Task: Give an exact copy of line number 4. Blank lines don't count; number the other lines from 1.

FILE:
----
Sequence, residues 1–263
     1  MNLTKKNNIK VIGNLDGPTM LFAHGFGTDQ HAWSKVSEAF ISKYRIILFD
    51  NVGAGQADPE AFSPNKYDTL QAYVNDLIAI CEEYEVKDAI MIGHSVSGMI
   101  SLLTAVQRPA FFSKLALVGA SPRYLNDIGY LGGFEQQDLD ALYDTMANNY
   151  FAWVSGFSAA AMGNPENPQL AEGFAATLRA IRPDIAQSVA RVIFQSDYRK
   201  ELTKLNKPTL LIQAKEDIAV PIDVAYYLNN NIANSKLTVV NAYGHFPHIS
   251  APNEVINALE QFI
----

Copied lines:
   101  SLLTAVQRPA FFSKLALVGA SPRYLNDIGY LGGFEQQDLD ALYDTMANNY